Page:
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Charles W. Jr. Carey

medical researcher, pediatrician, and hospital administrator, was born in Washington, D.C., to George and Mary Ferguson, occupations unknown. Despite having grown up poor, she decided to become a secretary or an accountant and somehow found enough money to enter Howard University. During her sophomore year, she took a chemistry course that redirected her education and led her to pursue a career in science and medicine. After receiving a BS in Chemistry in 1945, she entered the Howard University Medical School and received an MD in 1949. Upon completing her internship and residency in pediatrics at Washington's Freedmen's Hospital, which was also Howard's teaching hospital, she opened a private practice as a pediatrician in the nation's capital.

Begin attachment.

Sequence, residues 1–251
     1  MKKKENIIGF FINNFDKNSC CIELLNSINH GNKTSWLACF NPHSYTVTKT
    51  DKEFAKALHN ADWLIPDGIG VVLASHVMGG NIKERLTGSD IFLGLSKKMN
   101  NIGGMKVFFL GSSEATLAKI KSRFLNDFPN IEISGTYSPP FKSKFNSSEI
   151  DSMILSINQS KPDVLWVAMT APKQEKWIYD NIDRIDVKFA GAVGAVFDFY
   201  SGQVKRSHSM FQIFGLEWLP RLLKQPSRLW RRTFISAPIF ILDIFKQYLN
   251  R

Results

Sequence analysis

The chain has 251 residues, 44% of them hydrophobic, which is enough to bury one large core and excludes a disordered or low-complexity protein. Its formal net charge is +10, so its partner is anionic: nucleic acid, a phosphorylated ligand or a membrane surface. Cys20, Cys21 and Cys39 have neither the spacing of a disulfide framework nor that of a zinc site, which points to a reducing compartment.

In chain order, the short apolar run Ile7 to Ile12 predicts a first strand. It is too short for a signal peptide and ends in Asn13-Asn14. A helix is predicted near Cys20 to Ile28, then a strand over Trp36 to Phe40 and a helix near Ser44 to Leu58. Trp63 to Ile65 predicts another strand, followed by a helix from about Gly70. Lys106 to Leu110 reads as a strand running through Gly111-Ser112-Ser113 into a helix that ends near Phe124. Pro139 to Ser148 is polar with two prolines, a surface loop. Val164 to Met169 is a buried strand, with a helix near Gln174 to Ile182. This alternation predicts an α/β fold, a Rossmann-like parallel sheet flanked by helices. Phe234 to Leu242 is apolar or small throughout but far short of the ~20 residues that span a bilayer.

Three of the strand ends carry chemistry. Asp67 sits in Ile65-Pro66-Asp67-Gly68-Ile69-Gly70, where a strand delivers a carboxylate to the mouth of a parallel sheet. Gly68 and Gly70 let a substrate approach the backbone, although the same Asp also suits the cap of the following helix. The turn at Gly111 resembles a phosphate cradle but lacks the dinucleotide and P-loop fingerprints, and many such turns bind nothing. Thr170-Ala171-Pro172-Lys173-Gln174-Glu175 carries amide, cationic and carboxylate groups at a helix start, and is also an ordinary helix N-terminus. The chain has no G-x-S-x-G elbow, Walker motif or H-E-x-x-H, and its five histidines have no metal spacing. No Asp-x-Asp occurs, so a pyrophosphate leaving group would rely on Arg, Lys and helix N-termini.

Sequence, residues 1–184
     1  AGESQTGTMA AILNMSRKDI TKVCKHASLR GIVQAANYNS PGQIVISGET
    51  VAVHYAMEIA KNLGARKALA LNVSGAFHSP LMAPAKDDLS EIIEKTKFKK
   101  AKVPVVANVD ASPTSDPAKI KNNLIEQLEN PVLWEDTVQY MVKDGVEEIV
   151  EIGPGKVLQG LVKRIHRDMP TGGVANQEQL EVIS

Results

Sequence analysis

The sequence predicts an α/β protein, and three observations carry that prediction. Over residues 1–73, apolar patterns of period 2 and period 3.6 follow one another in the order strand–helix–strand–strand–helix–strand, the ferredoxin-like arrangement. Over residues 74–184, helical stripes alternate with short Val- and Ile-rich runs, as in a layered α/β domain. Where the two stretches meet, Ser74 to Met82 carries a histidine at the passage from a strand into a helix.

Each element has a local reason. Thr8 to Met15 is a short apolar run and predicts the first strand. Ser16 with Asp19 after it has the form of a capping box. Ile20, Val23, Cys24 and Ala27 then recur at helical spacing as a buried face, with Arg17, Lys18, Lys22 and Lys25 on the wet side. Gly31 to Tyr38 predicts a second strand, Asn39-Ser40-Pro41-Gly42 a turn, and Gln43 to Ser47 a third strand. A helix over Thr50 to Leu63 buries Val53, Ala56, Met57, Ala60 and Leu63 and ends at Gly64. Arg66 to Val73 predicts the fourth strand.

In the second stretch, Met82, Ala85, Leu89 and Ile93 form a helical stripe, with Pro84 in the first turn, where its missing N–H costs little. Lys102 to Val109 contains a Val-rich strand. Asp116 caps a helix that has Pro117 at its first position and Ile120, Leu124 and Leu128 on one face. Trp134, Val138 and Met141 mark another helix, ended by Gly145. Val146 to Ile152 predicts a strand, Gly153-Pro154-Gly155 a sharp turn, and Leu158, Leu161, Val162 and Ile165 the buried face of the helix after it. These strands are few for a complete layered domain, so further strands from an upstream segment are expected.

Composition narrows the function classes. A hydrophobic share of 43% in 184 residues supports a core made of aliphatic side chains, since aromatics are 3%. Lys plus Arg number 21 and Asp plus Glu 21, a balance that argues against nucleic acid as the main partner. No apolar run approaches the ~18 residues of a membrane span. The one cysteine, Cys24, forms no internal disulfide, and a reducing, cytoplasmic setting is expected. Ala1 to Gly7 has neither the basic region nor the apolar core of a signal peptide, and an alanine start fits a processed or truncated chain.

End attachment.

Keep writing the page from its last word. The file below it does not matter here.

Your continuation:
Because Ferguson s practice catered to African American patients she became interested in determining what constituted normal development in an African American infant She quickly realized however that no ...

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E. Beardsley

physician and professional leader, was born in Columbia, South Carolina, the orphaned son of unknown parents. As with many African Americans of the post–Civil War era, it was Reconstruction that gave McClennan a chance at a larger life. In 1872, at the height of Reconstruction in South Carolina (and thanks to the influence of a guardian uncle), he became a page in the black-dominated state senate. There he won the notice and friendship of the influential legislator Richard H. “Daddy” Cain. That fall Cain ran successfully for Congress, and in 1873, after McClennan passed a competitive examination, Cain appointed his young protégé to the U.S. Naval Academy at Annapolis, Maryland.

Only the second African American student to enter Annapolis McClennan who was light skinned enough to pass for white but never denied his race found that the navy had made no accommodation to the new racial ...